Gas leasing wouldn’t violate plan, forest official says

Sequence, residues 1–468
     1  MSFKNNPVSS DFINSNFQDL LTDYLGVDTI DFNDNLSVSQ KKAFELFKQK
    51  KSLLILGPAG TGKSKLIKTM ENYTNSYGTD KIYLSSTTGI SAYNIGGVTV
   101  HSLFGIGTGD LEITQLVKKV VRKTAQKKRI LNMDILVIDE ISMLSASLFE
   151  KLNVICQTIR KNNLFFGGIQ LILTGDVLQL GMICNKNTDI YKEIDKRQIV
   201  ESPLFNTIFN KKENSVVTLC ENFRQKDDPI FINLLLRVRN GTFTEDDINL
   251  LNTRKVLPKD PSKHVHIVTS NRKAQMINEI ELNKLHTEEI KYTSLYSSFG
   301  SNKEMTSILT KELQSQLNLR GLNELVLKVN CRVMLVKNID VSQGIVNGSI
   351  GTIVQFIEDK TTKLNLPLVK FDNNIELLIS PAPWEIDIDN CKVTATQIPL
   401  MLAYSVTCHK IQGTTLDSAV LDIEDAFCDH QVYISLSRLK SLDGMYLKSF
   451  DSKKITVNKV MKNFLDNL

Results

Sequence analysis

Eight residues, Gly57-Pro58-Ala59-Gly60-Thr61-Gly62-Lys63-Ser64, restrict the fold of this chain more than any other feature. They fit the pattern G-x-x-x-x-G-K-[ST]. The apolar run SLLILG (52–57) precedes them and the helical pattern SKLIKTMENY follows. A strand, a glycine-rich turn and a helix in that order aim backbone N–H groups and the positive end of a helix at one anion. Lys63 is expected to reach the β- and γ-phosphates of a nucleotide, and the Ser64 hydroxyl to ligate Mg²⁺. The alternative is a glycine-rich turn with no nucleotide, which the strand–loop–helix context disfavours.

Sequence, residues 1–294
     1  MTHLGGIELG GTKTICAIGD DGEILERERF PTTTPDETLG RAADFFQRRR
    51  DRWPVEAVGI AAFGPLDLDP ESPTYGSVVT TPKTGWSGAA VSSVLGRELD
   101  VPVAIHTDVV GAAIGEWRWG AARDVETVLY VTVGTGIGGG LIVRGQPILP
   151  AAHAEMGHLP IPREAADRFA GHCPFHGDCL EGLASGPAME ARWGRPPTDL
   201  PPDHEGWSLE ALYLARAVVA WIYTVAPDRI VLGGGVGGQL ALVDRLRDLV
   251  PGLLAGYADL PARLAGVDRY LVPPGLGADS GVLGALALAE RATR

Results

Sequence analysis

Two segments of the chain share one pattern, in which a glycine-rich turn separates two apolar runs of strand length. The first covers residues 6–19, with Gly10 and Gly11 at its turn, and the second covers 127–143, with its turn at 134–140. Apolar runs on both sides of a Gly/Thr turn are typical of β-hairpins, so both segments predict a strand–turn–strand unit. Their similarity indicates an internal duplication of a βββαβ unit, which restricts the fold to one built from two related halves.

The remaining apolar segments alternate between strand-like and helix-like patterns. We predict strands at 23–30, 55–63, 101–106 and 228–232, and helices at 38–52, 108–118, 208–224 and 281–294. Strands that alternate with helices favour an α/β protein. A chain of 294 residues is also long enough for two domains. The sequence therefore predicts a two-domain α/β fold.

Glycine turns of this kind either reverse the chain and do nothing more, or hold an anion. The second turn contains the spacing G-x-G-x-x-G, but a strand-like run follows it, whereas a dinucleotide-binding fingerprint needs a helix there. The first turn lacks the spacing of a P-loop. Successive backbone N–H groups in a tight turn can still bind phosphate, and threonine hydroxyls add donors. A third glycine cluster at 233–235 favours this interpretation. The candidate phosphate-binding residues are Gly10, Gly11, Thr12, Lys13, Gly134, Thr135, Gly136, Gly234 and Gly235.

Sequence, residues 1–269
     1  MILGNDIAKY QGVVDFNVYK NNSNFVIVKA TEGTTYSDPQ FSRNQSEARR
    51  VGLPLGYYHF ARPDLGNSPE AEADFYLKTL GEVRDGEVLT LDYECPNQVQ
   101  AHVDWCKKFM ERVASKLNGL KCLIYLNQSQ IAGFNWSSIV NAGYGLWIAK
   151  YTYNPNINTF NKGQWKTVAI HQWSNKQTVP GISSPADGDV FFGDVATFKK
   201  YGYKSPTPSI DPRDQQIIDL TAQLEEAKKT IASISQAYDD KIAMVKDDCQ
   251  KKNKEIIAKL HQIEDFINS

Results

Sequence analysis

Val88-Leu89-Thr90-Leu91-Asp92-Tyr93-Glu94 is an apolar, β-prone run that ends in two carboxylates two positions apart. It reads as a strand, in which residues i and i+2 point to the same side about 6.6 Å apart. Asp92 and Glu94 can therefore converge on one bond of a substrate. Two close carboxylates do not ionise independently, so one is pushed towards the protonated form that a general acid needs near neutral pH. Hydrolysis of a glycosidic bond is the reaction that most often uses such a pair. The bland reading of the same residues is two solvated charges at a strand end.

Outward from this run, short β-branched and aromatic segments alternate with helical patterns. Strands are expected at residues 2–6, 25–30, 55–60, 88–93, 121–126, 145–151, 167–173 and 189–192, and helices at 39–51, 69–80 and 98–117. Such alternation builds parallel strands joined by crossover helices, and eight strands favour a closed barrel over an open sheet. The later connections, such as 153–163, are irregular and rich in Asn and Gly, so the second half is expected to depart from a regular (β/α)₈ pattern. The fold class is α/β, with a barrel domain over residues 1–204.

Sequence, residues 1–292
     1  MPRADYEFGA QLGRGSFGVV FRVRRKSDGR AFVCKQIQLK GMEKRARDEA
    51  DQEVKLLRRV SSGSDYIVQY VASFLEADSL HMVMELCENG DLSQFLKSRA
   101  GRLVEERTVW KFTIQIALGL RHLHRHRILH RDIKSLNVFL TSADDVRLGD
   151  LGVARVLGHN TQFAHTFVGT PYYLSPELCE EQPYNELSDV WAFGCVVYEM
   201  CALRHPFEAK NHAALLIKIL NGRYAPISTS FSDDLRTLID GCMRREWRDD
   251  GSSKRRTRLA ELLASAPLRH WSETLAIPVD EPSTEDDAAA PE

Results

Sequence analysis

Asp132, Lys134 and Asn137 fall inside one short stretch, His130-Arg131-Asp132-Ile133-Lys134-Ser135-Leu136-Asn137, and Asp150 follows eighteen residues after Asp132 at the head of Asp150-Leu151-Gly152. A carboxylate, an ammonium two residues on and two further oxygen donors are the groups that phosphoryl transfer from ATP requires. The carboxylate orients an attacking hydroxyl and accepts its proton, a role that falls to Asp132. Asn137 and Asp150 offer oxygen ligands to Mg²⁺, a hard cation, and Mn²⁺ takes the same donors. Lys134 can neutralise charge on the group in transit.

A White River National Forest official is taking issue with a contention by environmental groups that natural gas leasing in the Thompson Creek roadless areas violates the forest’s management plan.”It’s not exactly a true statement. That’s not what our forest plan says,” Dan Hormaechea, the WRNF’s acting deputy supervisor and a chief architect of the plan, said Thursday.Environmental groups on Wednesday filed an administrative appeal of the gas leases. They contend the WRNF forest plan says that the U.S. Forest Service will uphold the national Roadless Area Conservation Rule and not allow leasing in roadless areas.But Hormaechea said the only applicable reference in the plan is to a guideline that says management of activities in inventoried roadless areas “should emphasize long-term maintenance of roadless characteristics.”It says ’emphasize.’ It does not say you can’t have the activities,” Hormaechea said.Steve Smith, a Glenwood Springs resident who is assistant regional director of The Wilderness Society, questions whether the Forest Service is following its own guideline.”I agree that it does use the word ’emphasize,’ but it also uses the word ’emphasize,'” he said.He doesn’t think oil and gas development emphasizes maintaining roadless characteristics.Hormaechea said it’s a matter of opinion whether the Forest Service is any longer bound by the roadless rule imposed by President Clinton before he left office.”I don’t believe we’re under the Clinton administration roadless rule,” he said.gas: see page A2gas: from page A1Hormaechea noted that a Wyoming judge struck down the rule.Smith said if the roadless rule is out of effect, it’s only temporarily so, and possibly only in Wyoming. Environmentalists are awaiting a decision by the 10th Circuit Court of Appeals that they hope will uphold the rule.In the meantime, they argue, the Forest Service should err on the side of caution and continue to manage roadless areas under the roadless rule.”We should hold on to these roadless areas until we really know their management standards, and plan for their long-term future,” Smith said.From Hormaechea’s standpoint, “the current thinking on the roadless rule is about as confusing as you can possibly get,” he said.Even as the legal outcome of the Clinton rule is being awaited, the Bush administration has proposed a roadless rule of its own. It would allow for roadless area management to differ from state to state, depending on the wishes of each state.In the meantime, Hormaechea is taking his guidance from the forest plan guideline.”Guidelines are not standards. Guidelines can be modified,” he said.And in fact, the guideline itself is going to be removed from the plan, following a recently completed review of appeals of that plan. Hormaechea said the Forest Service headquarters in Washington has ordered that the guideline be taken out because the issue of how roadless areas should be managed in the White River National Forest already is addressed in handbooks and other places.Hormaechea wasn’t aware offhand who had appealed that provision in the plan.Hormaechea said the Forest Service is aware of the roadless characteristics of the Thompson Creek area, and their importance. Some roadless areas there exceed 5,000 acres, which means that an environmental impact statement would have to be done before drilling applications could be issued in those areas, he said.At that point, the Forest Service could attach drilling stipulations, such as barring surface disturbances in certain areas.Contact Dennis Webb: 945-8515, ext. email@example.com
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